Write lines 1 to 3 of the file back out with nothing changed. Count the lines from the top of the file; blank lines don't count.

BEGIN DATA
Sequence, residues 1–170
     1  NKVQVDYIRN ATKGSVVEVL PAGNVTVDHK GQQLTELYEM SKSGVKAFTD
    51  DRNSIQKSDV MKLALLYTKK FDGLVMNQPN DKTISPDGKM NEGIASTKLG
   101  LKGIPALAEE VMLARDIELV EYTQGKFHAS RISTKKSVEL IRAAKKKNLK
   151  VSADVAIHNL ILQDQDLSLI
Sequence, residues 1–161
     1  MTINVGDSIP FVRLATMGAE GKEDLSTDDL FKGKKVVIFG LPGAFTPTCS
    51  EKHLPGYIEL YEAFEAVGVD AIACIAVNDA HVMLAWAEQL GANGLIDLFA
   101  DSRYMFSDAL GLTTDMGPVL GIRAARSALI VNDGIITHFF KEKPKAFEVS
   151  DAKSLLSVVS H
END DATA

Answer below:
Sequence, residues 1–170
     1  NKVQVDYIRN ATKGSVVEVL PAGNVTVDHK GQQLTELYEM SKSGVKAFTD
    51  DRNSIQKSDV MKLALLYTKK FDGLVMNQPN DKTISPDGKM NEGIASTKLG